Sellers are moving last year's crop out of storage to make room for new crop. In some cases, this has resulted in prices that are $10 to $15 per ton lower. Below are examples of alfalfa and grass prices being paid FOB barn/stack (except for those noted as delivered, which is indicated by a "d" in the table below) for selected states at the end of the day on Friday, March 25. Large ranges for a particular grade and state are often indicative of location and/or bale size. Also check the USDA Hay Market Prices for additional locations and more detailed information.
Supreme: Very early maturity, pre-bloom, soft fine stemmed, extra leafy. Factors indicative of very high nutritive content. Hay is excellent color and free of damage.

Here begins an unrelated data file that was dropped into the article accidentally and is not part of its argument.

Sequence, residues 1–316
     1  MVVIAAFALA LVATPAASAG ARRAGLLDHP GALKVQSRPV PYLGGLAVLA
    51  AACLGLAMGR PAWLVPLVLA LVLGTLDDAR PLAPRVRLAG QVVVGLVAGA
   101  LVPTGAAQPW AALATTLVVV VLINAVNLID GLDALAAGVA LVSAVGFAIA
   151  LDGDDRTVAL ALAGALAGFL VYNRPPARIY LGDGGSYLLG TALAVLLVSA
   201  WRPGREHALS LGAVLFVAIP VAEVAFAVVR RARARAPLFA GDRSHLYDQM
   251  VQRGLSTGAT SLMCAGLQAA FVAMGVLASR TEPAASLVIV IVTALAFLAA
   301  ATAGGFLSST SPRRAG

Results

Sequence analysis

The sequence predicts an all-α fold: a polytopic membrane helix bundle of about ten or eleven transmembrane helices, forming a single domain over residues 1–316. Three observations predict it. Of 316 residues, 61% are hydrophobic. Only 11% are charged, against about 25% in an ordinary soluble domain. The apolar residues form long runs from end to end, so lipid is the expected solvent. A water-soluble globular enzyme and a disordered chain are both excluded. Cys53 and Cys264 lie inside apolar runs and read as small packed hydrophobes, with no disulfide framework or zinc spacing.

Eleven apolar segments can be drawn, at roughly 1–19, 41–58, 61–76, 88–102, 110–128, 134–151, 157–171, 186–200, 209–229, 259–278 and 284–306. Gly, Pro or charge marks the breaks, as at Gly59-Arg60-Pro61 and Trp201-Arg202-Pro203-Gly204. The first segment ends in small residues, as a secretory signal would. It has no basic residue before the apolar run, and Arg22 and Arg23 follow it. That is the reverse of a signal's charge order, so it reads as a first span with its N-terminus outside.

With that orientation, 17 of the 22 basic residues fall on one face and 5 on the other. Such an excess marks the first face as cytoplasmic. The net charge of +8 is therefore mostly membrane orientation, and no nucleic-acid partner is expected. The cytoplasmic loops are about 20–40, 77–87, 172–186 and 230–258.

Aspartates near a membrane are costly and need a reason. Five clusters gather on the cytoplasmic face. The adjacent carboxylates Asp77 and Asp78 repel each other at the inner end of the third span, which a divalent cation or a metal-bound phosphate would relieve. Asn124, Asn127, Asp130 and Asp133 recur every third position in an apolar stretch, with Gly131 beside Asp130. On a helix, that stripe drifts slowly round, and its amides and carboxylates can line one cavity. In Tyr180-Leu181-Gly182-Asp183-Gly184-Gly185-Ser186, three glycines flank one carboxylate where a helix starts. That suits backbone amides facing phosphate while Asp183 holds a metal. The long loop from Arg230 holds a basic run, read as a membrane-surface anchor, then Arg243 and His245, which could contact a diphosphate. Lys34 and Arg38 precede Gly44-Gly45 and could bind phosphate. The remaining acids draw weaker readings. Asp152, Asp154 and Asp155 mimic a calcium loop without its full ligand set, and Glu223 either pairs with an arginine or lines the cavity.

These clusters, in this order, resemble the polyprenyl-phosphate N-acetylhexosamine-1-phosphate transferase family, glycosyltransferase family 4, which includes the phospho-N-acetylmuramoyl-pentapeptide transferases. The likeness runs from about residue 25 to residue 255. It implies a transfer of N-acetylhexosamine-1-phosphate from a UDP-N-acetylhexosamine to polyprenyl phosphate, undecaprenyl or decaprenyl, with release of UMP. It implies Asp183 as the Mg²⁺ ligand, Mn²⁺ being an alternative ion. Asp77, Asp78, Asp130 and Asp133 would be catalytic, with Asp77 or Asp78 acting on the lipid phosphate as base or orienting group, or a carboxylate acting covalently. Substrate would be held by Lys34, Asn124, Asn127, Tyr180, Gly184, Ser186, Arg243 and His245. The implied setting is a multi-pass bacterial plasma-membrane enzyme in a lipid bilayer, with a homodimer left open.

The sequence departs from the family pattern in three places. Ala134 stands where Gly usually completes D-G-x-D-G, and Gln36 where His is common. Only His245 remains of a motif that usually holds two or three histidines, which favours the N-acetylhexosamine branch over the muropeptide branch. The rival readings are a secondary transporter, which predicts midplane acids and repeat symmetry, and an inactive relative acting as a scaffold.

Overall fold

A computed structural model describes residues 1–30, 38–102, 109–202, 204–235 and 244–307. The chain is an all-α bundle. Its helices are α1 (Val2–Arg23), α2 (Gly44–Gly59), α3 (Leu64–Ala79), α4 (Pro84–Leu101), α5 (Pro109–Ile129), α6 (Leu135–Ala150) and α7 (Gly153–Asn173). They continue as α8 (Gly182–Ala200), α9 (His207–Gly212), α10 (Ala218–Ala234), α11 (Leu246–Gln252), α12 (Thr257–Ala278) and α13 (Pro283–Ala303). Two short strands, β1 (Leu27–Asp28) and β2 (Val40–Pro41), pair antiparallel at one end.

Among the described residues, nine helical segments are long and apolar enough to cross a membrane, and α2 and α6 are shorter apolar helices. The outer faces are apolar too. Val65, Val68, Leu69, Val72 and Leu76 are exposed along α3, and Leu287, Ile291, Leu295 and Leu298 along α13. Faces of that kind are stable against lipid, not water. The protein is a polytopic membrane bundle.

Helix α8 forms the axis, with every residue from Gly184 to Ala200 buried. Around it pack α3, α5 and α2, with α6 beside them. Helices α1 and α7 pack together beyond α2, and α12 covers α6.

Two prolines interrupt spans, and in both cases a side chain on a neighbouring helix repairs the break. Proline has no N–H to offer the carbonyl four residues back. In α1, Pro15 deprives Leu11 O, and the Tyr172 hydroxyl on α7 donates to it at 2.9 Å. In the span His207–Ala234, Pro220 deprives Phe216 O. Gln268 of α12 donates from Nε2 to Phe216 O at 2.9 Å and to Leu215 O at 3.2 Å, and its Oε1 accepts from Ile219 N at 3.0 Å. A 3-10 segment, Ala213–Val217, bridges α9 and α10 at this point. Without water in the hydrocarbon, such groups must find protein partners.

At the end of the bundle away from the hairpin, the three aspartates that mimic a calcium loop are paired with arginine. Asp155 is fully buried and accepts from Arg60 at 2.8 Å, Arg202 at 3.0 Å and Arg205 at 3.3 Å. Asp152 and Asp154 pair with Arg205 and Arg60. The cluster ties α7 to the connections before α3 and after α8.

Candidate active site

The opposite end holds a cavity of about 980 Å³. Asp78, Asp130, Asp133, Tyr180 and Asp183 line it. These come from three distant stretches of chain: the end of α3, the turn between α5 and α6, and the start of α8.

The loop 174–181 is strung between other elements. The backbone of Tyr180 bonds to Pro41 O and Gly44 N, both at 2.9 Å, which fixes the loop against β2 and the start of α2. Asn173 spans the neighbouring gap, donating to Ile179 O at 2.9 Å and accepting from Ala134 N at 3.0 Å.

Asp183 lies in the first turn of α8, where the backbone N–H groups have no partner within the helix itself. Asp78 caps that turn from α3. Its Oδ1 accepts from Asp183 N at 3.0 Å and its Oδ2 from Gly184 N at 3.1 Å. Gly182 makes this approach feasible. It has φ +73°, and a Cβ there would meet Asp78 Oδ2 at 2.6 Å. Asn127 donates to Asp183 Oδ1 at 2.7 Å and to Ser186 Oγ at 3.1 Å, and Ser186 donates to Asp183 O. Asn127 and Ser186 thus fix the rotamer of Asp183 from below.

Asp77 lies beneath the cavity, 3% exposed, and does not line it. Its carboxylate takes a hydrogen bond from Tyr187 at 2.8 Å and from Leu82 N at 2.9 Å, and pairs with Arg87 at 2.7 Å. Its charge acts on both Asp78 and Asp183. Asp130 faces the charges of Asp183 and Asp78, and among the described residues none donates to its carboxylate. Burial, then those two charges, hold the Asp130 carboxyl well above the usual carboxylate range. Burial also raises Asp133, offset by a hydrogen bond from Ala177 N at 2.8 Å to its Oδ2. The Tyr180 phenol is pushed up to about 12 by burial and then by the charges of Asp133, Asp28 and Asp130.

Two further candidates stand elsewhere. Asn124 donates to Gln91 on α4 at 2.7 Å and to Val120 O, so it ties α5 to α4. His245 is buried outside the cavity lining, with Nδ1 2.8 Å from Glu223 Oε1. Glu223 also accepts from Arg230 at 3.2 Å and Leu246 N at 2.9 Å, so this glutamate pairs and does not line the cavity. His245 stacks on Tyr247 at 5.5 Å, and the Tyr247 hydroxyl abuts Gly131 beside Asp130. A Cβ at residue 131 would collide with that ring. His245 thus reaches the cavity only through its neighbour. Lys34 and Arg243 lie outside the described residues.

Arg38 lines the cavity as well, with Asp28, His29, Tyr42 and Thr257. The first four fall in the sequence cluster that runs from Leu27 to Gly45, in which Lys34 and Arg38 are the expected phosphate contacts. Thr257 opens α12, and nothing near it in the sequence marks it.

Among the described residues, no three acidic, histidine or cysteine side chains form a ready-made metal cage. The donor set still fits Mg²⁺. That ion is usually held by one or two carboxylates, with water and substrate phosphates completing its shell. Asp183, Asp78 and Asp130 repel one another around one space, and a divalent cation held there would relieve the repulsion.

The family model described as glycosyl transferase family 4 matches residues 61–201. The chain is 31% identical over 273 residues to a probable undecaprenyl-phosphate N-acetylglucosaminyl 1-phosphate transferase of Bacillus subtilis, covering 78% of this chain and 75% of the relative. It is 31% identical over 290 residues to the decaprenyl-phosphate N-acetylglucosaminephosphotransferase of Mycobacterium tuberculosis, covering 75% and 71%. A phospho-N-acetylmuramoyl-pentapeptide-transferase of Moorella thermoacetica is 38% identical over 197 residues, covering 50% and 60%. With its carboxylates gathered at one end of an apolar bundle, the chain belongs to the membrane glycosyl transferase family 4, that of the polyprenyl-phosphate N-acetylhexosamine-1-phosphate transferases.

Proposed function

Premium: Early maturity, i.e., pre-bloom in legumes and pre head in grass hays, extra leafy and fine stemmed-factors indicative of a high nutritive content. Hay is green and free of damage.
Good: Early to average maturity, i.e., early to mid-bloom in legumes and early head in grass hays, leafy, fine to medium stemmed, free of damage other than slight discoloration.
Fair: Late maturity, i.e., mid to late-bloom in legumes, head-in grass hays, moderate or below leaf content, and generally coarse stemmed. Hay may show light damage.
Utility: Hay in very late maturity, such as mature seed pods in legumes or mature head in grass hays, coarse stemmed. This category could include hay discounted due to excessive damage and heavy weed content or mold.